Green revolution

Amid the general gloom, here is a good news story from a few days ago about a green revolution in Malawi which, I believe, illustrates some important principles.

Malawi, a thin sliver of a country between Zambia, Tanzania and Mozambique is the thirteenth poorest country in the world. It has experienced six consecutive years of food shortage from 2000 resulting in widespread hardship and starvation.  Traditional farming techniques and seed strains could simply not produce enough food.  

The answer: give villagers vouchers exchangeable for fertilizers and improved higher-yielding seed varieties and help with crop diversification, irrigation (most of the country spreads out along the shores of Lake Malawi) and some basic science.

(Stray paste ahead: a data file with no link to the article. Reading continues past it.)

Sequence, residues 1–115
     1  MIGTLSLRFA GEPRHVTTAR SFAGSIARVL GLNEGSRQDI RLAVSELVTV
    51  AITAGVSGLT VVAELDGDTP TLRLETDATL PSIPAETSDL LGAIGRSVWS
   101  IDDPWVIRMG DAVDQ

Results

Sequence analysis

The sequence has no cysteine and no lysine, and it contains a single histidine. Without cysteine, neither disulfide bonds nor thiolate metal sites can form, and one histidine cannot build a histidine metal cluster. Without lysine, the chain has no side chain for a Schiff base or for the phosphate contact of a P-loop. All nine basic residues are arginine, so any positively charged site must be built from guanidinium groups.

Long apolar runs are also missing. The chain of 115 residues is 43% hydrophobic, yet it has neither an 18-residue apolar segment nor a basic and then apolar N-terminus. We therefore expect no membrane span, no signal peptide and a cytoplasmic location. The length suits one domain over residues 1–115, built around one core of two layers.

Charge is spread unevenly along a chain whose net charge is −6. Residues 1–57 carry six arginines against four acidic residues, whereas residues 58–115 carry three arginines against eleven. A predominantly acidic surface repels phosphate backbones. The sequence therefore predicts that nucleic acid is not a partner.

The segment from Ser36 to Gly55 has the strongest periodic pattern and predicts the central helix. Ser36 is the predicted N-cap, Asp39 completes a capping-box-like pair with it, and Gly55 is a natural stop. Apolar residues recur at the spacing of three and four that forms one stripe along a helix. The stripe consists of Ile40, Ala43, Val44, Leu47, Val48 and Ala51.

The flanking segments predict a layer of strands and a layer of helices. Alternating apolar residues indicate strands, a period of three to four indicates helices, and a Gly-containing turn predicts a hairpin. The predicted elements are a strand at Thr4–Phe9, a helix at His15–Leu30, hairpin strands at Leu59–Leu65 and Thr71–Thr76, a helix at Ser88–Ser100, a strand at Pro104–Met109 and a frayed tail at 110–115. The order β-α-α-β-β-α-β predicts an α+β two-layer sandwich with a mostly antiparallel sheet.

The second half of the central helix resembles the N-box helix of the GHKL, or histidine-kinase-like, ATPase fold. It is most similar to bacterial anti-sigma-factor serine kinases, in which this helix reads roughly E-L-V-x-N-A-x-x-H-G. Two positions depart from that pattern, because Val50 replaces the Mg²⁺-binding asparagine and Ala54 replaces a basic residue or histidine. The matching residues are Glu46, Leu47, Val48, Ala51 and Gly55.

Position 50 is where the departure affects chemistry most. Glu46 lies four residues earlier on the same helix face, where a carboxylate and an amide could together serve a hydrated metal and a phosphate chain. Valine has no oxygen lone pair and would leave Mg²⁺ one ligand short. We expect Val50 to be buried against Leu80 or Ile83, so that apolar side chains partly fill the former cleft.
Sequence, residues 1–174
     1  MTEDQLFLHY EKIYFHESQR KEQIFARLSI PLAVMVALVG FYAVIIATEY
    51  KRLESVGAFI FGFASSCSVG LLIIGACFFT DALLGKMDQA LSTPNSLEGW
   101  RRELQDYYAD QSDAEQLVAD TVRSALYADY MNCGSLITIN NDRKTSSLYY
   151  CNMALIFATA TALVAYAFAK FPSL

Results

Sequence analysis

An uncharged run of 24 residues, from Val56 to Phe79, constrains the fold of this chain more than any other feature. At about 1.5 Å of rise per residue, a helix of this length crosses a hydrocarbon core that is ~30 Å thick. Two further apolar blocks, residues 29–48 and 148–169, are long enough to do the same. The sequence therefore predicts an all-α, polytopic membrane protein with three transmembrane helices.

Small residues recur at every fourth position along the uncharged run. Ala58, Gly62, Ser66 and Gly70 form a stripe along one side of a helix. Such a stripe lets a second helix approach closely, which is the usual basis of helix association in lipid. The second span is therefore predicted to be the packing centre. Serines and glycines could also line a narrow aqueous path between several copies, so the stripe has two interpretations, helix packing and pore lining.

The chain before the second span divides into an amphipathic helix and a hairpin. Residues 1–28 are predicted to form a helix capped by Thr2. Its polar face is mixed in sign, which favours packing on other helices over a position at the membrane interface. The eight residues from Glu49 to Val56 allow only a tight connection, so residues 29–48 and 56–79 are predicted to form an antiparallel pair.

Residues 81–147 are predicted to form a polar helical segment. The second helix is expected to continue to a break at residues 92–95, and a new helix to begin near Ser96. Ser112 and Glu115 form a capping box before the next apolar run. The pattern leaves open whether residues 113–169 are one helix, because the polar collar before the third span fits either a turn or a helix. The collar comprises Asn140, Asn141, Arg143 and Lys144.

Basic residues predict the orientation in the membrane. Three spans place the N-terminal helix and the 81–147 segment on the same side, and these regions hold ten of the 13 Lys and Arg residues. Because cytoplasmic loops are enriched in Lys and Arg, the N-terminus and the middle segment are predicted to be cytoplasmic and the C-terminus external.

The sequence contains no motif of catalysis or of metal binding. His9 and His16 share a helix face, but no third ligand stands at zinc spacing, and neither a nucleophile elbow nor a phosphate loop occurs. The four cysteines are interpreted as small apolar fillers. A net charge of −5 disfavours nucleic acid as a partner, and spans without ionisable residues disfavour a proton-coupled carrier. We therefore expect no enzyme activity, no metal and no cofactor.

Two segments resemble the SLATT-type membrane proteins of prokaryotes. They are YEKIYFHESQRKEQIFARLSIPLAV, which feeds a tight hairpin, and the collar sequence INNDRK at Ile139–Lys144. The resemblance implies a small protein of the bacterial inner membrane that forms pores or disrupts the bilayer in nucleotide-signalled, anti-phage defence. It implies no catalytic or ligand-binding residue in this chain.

The result has been rapid and dramatic.  Malawi has emerged as a regional food exporter sending maize all the way to Kenya even though the improved seed varieties are not particularly new and have been around for years. 

Inevitably, not everything in the garden is rosy.  High export prices means that there are still big pockets of food shortage among those Malawians who do not have access to suitable land (or alternative paid employment).  Yet the country is clearly far better off than it was only two years ago.  What was lacking was organisation and information.

So what lessons can we draw from Malawi?  I think there are two.

Firstly, a good analysis of the problem followed by iniatives that address the real isues gives a big return on effort.

Secondly, empowering ordinary people is the key.  Bottom-up, not top-down approaches work best. 

Needless to say both these principles are highly relevant to sorting out the credit crunch.


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